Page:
Patients suffering an out of hospital cardiac arrest in London now have more chance than ever before of being resuscitated by staff, according the latest Service figures.
The report, published by the Clinical Audit & Research Unit (CARU), also shows the Utstein* survival rate is up to 15.2 per cent from 12 per cent the previous year.
So, if you have a cardiac arrest in London (for certain values of cardiac arrest), you have a 15.2% chance of survival. Which is great but won't result in us getting any more funding. Well done everyone involved, and well done to the new CPR protocols – I've personally noticed a difference with the 30:2 compressions.
For the first time in its history the Service has responded to one million incidents in a single calendar year.
The Service has already attended over three per cent more incidents than in the whole of last year (968,952), with the busy New Year's Eve period still to come.
Chief Executive Peter Bradley said: “To attend one million incidents in a single year is an amazing milestone and one that no other ambulance service has ever reached.
“Every member of staff can be proud of the contribution they have made towards helping us to reach more patients more quickly than ever before.
“Demand on our Service has risen steadily over the years , and this is something experienced by ambulance services nationwide. We continue to work to find innovative ways of offering more appropriate care pathways for our patients. The ability to offer some of our callers telephone advice or to transfer them to NHS Direct is allowing us to save thousands of traditional ambulance responses each year.”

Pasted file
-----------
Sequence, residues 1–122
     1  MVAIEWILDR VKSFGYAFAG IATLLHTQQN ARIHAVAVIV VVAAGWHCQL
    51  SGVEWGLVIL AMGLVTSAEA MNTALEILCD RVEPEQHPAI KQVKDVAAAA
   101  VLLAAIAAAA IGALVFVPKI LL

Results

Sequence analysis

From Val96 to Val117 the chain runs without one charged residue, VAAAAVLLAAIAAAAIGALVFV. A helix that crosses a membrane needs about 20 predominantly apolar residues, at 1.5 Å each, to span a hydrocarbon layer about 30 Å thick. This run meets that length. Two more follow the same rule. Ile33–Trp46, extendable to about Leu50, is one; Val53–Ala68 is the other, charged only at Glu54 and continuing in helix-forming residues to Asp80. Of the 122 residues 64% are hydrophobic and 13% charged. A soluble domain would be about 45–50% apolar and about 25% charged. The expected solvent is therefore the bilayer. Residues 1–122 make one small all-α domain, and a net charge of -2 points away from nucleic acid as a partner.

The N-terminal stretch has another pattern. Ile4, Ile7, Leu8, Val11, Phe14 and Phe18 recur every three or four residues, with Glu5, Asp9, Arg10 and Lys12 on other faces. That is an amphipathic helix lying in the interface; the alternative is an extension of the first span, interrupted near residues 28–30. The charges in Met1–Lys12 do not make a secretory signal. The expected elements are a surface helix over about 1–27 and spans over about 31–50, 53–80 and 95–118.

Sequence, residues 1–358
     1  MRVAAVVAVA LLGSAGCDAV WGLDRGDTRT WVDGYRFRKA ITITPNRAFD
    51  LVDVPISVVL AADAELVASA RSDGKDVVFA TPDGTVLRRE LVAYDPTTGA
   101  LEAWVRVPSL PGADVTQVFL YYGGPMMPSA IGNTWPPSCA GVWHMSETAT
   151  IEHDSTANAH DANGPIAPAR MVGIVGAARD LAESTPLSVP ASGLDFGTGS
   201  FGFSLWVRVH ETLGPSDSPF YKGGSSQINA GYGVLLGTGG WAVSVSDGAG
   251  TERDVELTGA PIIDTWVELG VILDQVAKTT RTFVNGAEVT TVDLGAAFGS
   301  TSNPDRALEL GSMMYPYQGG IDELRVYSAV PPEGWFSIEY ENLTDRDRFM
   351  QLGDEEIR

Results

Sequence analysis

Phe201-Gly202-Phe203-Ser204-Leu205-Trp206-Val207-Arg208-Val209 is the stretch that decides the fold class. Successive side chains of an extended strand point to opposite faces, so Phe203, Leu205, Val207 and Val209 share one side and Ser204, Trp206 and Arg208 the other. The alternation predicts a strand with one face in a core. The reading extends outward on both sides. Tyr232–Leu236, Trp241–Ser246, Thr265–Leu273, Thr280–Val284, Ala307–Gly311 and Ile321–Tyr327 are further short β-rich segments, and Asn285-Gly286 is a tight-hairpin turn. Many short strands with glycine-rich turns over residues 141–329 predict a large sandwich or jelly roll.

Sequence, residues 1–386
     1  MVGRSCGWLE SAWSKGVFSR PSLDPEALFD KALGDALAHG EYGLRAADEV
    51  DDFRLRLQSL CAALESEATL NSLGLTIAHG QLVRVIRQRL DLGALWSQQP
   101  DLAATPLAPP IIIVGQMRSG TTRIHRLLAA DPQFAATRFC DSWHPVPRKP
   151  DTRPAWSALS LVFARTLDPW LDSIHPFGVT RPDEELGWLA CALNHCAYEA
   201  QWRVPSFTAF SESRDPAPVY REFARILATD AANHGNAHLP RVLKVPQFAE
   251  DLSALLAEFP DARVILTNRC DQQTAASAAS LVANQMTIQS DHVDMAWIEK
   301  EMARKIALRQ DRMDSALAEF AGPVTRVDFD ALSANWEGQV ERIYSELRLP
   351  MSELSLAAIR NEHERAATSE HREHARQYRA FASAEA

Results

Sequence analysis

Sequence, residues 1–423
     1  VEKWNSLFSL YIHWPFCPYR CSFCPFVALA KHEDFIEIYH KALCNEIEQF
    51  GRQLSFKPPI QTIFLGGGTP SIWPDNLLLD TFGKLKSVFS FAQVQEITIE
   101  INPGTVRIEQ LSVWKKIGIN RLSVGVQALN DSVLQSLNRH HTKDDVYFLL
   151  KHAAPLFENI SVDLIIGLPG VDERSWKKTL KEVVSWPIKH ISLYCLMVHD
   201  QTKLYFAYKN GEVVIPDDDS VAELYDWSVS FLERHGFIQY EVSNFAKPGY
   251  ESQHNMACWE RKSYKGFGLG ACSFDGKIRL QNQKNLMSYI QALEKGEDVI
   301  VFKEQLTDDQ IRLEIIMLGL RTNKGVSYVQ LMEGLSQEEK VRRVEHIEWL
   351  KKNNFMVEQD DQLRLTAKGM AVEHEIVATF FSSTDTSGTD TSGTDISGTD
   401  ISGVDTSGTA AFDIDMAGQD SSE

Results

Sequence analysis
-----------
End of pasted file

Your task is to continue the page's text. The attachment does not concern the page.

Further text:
The millionth incident was to a patient suffering chest pain in Tower Hamlets. A Poplar ambulance crew and a HART single responder attended. The patient was taken to hospital.
This is what I meant when I previously mentioned that our chief executive sounded proud that we go to more than a million calls. Is that something we should be proud of, or rather something that we should be worried by? And these are the calls that ambulances are sent on, not the ones where telephone advice refuses an ambulance.
Someone please explain to me how this is a good thing, especially if we aren't increasing the number of ambulances and staff on the road?
As an aside, half of my workload is 'chest pain in Tower Hamlets', I'm willing to bet that it was a cough or bellyache, or maybe a bit of 'flu'.